A historical stone house in Swift Current, known for its rich history and unique architecture, has been given a new lease on life thanks to the dedication and hard work of local business owner, Lawrence Carr. 

Carr recently completed the restoration of the aging structure, transforming it from a state of disrepair into a tribute to Swift Current’s history. 

The building, located at 435 North Railway Street East, on the corner of 5th Avenue Northeast, dates back to 1883 and holds a special place in Swift Current's heritage.  

“It was an old historic building, only in the realm of that it's one of the oldest houses in town and it's one of the only stone houses left around,” Carr explained. 

The house before renovations The historic house before renovations (photo courtesy of Lawrence Carr).

Carr's journey to restore the historic property began six years ago when he purchased the building, recognizing its significance to the community. 

“It is mine, but it's for the whole community to take pride in, that we've kept an old building alive and not knocked it down, because there was a demolition permit for it back in 2012,” he elaborated.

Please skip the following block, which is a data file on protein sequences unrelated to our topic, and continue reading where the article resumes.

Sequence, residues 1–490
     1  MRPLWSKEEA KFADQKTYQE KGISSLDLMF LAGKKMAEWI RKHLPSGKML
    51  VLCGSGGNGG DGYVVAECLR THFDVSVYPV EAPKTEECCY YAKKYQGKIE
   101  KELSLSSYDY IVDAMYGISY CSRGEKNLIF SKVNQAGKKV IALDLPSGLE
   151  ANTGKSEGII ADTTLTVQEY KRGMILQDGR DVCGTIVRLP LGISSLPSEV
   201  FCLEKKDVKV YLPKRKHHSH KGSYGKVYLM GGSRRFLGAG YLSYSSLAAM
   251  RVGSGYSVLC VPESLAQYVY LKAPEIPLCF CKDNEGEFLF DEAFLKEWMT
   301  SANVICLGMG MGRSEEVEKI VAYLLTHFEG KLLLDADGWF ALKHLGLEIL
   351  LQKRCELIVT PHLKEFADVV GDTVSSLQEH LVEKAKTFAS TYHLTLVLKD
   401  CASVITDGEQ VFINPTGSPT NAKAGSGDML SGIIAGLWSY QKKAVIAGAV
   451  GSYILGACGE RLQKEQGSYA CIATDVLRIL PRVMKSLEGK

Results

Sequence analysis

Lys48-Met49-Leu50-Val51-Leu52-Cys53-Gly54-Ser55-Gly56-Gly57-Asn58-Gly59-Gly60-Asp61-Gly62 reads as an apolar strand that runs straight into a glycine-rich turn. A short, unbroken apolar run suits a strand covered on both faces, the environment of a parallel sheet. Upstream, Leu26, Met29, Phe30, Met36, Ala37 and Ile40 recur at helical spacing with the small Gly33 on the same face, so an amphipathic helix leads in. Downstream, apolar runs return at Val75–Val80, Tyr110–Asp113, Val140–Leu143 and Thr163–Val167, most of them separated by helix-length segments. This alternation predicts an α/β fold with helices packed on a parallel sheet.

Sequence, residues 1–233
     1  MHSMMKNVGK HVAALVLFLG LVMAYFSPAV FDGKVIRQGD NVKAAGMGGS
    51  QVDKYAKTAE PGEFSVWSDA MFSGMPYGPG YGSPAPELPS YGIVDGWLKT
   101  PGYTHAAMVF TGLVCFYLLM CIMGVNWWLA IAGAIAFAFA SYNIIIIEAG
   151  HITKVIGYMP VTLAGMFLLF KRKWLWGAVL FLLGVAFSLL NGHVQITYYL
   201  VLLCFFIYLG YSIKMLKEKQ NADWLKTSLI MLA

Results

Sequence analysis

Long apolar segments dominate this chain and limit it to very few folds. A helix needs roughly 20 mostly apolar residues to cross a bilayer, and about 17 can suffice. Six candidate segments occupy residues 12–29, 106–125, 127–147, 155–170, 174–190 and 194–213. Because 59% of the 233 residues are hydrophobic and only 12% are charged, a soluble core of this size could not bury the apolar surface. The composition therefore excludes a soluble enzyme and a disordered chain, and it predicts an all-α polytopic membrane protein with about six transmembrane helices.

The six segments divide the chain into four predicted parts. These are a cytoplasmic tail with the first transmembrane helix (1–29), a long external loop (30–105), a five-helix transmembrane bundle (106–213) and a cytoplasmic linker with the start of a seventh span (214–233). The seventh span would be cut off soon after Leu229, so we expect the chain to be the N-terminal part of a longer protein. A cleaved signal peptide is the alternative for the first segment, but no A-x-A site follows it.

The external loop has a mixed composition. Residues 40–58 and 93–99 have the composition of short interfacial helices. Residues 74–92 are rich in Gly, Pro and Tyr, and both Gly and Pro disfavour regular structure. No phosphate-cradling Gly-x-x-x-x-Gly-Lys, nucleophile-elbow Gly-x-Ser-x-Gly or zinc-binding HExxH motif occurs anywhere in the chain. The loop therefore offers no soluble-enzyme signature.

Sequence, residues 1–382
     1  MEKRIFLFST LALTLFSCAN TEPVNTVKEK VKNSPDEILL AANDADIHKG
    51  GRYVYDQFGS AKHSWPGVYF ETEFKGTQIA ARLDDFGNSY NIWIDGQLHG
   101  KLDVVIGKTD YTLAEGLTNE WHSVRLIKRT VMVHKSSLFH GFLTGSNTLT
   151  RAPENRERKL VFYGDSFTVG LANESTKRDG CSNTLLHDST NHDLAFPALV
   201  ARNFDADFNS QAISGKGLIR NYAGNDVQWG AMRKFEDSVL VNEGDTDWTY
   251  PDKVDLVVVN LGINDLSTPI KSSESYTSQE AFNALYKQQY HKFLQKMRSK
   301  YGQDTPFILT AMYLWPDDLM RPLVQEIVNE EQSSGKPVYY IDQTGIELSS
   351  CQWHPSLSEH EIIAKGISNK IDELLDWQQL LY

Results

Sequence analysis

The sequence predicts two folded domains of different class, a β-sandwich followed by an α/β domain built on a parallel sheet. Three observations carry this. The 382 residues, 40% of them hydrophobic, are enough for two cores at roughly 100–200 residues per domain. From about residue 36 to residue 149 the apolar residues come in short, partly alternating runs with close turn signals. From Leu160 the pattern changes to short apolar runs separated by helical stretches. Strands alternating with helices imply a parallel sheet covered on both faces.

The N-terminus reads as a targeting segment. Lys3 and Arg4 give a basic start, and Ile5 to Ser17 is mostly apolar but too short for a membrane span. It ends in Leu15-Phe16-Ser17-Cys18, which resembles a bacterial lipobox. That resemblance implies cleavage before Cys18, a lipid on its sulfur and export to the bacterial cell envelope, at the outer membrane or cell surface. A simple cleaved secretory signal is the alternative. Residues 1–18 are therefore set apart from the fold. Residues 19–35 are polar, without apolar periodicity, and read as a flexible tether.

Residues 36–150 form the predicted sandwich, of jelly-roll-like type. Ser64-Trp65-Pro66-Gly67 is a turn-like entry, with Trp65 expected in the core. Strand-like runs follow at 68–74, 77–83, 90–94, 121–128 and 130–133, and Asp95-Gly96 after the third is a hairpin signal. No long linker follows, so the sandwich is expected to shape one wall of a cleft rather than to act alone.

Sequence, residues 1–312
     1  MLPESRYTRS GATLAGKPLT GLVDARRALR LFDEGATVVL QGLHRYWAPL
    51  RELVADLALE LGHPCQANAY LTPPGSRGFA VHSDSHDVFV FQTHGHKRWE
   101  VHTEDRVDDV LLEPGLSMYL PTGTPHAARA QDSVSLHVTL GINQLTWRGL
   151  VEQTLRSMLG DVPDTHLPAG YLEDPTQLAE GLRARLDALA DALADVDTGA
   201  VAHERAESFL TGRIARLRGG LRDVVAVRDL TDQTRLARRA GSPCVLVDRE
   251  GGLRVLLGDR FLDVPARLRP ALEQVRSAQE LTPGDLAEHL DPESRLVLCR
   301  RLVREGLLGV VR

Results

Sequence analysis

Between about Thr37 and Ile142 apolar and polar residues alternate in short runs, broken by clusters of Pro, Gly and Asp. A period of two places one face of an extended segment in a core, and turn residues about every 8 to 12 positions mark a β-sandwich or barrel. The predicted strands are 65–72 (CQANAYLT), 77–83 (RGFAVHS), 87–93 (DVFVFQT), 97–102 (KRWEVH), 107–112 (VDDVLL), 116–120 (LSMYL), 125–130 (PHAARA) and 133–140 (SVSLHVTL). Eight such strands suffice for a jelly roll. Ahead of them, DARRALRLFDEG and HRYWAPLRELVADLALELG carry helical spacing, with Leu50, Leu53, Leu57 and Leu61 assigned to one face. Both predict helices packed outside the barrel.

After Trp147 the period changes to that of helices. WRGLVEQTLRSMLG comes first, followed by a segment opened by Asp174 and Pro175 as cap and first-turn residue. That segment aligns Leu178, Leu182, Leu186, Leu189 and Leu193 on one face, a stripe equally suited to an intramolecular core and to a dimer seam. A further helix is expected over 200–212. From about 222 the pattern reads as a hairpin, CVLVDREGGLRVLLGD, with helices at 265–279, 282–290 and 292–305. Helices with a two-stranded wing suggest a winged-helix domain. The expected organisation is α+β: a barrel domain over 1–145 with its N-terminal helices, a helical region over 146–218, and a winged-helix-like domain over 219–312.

Over the years, the building has been home to a variety of things, including an Opera House and housing for RCMP officers. 

The restoration process was a labour of love for Carr, who has a background in construction.  

Over the years, he undertook various stages of the project, including reinforcing the structure, filling in windows, and adding essential features to ensure its stability. 

Door to an old stone houseCarr intends for the main floor to be used as a commercial space (photo by Ally Paige).

“As I could, I went along and I did different things,” he stated. “We just started with ripping out everything that was inside and went from there.” 

The restoration project was recently showcased during an open house organized by the Chamber of Commerce.  

Members of the community and visitors from out of town were invited to tour the newly revitalized space.  

“Lots of people came and had a look at it and were happy that it was done,” Carr explained. “There was even somebody that was from out of town, his aunt lived there or something, and so they came, and they were in town visiting. He is around 90 years old, and he used to be there when he was riding a tricycle. So, interesting stories and glad that they stayed there or came there and had a look.” 

Outside of a stone houseThe new deck can be removed without damaging the original structure (photo by Ally Paige).

As for the future of the house, Carr plans to utilize the space in a variety of ways. 

The upstairs unit will be rented out as a residential space, while the main floor will be designated as a commercial space. 

While he hasn't finalized plans for the commercial space, the local business owner is excited for what the future holds. 

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